14
Sep

For Most Americans, Being “Mobile” Still Requires a Personal Vehicle

For Americans, Being "Moble" Still Requires a Personal VehicleBy: Bryan Krulikowski, Senior Vice President

How do you get from point A to point B? Given that 4-in-10 consumers believe their primary mode of transportation will be different five years from now than today, the answer to this is going to become increasingly complex.

The goal of the Morpace MOVETM Study that was recently fielded and is now available as a syndicated study is to help answer this question. We surveyed more than 3,000 consumers across eight U.S. metropolitan markets and uncovered some interesting consumer insights about the role of transportation and mobility in this new “Sharing Economy.”

Consider:

  • Overall, more than two-thirds of respondents would have their ability to get around strongly impacted by not owning their own personal vehicle.
  • Although ride-sharing services are currently being used at a greater rate than car-sharing services, they are reserved for “occasional” use and not relied on as every day transportation.
  • Despite lower levels of vehicle ownership, Urbanites have a stronger emotional attachment to their vehicle than Suburbanites—even going so far as to give their vehicle a name.
  • Finally, fewer than one-third of respondents feel that alternative mobility solutions are practical for them. After all, consumers do not see any other option as convenient as owning a primary vehicle in the U.S.

This shouldn’t come as a major surprise. For decades, vehicles have represented freedom for many Americans. The national highway system has made it feasible to get from state to state, where driving long distances for work or play is more common than in other parts of the world.

Among the many findings in this study is the idea that the majority of consumers clearly feel that having their own vehicle is necessary. They may not use it every day, as other results from the Morpace MOVETM Study show us, but when they need their vehicle, THEY WANT IT.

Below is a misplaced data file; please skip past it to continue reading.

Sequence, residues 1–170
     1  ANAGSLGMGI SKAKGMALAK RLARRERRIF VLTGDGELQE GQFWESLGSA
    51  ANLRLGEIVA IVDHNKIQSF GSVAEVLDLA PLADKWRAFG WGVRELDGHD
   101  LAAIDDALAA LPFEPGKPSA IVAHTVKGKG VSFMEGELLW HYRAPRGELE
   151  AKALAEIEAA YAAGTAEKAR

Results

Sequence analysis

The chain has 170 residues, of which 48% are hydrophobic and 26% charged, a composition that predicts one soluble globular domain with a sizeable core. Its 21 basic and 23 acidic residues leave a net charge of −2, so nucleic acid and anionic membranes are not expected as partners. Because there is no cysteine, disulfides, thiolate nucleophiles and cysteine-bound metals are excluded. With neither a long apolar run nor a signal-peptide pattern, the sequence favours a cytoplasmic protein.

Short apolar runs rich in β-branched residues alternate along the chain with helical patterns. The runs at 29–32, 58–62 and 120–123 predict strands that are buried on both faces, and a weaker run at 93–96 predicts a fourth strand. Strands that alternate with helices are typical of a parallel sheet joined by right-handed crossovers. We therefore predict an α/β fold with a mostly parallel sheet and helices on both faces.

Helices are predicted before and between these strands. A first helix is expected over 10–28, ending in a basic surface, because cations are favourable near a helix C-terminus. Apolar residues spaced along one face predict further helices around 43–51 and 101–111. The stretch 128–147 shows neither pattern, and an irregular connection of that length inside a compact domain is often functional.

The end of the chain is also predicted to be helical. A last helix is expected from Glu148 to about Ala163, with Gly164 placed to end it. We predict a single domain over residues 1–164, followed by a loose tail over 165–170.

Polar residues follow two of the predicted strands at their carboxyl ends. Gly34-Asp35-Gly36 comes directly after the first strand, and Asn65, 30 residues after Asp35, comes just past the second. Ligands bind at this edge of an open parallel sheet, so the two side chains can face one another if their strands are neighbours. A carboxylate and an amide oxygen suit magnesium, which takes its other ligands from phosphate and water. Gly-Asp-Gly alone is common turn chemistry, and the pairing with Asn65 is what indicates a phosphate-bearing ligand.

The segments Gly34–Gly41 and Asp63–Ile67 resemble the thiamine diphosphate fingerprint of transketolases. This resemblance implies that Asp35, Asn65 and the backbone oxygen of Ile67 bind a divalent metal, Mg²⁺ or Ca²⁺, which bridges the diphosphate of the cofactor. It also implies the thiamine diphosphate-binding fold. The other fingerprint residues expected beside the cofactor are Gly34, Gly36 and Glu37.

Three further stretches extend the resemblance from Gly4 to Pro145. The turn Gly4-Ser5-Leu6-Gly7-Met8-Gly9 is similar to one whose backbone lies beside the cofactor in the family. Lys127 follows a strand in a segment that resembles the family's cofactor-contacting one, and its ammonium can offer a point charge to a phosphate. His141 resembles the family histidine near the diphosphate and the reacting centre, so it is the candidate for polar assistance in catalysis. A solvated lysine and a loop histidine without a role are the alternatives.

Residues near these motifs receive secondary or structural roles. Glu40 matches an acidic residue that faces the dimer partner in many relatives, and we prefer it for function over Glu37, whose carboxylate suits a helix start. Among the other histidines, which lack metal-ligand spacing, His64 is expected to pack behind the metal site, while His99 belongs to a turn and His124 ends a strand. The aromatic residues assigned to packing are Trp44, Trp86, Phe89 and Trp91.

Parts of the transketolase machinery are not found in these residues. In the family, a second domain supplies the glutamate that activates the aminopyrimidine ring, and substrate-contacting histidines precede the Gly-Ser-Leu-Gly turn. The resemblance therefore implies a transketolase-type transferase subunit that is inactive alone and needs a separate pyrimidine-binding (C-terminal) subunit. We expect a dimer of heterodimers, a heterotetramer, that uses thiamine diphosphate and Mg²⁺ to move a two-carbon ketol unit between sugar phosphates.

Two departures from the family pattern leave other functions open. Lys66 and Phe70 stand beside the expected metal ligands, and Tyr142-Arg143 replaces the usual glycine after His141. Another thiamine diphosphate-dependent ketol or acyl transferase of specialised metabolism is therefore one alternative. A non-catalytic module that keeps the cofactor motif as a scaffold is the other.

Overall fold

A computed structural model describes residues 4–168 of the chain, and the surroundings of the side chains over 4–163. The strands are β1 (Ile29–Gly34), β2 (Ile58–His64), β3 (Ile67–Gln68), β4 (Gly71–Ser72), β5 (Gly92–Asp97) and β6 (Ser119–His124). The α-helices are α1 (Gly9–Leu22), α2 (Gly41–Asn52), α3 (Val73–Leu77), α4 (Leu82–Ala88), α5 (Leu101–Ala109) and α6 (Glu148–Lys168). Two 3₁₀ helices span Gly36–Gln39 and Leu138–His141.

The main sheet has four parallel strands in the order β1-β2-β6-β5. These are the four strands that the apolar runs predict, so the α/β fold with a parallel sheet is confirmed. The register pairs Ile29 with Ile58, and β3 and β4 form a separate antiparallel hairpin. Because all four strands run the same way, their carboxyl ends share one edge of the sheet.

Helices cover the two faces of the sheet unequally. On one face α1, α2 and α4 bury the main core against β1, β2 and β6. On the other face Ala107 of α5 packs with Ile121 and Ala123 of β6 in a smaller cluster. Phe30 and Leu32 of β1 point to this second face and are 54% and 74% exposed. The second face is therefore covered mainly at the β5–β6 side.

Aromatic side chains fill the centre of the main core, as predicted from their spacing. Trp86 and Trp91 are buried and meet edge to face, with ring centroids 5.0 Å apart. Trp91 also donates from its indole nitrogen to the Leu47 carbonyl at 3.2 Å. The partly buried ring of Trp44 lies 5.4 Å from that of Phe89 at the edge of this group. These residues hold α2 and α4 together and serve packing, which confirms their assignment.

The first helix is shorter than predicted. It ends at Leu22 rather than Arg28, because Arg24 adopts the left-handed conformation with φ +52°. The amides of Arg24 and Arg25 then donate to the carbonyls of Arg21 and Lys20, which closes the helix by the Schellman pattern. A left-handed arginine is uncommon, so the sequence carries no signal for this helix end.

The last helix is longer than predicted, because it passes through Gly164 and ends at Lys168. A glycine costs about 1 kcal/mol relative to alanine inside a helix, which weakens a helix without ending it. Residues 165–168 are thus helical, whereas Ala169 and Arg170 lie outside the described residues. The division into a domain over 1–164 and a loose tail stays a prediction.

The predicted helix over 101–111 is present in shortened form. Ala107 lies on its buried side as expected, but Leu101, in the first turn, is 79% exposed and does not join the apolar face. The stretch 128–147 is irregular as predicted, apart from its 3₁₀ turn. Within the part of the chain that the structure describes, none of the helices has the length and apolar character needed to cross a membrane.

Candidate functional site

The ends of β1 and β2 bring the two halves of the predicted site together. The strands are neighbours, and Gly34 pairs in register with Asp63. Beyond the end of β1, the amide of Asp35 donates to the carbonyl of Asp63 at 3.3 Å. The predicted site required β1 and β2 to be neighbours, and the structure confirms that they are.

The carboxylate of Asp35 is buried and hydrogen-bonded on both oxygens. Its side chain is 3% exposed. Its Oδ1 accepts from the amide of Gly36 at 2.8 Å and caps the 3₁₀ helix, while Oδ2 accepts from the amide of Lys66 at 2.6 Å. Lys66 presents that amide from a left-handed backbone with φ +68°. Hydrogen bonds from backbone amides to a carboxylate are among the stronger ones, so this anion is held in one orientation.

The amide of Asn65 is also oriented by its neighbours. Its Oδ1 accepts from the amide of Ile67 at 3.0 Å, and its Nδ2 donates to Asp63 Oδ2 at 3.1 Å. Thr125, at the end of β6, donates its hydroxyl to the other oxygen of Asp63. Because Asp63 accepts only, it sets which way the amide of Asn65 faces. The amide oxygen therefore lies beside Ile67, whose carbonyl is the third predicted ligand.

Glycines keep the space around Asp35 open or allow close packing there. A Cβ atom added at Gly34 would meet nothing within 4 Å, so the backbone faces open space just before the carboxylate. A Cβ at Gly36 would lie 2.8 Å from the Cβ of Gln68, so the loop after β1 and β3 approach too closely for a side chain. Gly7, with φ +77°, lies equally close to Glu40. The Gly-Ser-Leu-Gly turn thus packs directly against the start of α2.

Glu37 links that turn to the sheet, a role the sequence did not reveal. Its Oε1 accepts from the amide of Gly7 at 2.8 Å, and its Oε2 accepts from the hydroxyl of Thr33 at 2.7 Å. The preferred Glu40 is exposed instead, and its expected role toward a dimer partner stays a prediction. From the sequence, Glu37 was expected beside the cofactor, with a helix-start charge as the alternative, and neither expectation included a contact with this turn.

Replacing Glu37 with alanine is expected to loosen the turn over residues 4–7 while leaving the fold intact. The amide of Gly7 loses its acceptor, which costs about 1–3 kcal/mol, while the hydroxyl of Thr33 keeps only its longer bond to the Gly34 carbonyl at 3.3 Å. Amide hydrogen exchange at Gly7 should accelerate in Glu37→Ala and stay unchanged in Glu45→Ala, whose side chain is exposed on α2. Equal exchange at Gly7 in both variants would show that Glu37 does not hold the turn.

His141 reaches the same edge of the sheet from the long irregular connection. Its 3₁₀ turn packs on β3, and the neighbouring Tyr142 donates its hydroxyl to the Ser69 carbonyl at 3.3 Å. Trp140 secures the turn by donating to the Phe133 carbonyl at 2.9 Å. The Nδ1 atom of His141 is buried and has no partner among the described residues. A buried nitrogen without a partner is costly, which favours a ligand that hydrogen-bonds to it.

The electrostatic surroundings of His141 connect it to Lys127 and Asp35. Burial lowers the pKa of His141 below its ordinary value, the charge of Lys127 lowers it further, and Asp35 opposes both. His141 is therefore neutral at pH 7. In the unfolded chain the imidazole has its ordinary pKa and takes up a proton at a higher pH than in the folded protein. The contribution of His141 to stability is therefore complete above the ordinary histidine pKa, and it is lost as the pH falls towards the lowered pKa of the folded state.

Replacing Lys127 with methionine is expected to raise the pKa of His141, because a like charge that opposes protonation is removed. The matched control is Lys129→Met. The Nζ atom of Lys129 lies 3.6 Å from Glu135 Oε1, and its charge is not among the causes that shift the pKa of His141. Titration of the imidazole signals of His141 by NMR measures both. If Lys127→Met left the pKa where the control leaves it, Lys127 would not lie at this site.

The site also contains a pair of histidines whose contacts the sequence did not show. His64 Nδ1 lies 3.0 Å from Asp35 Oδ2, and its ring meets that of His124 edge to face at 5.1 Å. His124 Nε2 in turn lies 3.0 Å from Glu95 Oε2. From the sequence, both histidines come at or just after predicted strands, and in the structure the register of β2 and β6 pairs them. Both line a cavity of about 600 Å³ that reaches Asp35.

The study also gives us ideas for how and when personal vehicles are used compared to other forms of transportation. Public transit, particularly in urban areas, does (and will continue to) play a role, perhaps based most on convenience and cost. One-half of respondents have access to public transportation within one mile of their residence. Still, public transportation comprises just part of the mobility puzzle for Americans today.

Morpace MOVETM found that eBike, shared bikes, and car-sharing modes show the greatest potential increase in spend in the next one to three years. But there are times that Americans want to get where they want, when they need to get there. So even for those living in some of the country’s most densely populated communities, nearly all respondents use their own vehicle at least a couple times per month. And three-quarters of current vehicle owners are planning to buy or lease a new vehicle in the next five years.

We may now be part of the “alternative mobility” movement in the U.S. Yet, the value and importance of a personal vehicle remains high for Americans because of that sense of freedom it provides – no matter where you live in this country.

Other findings and insights are available through our Morpace MOVETM Study and you can learn more by clicking here.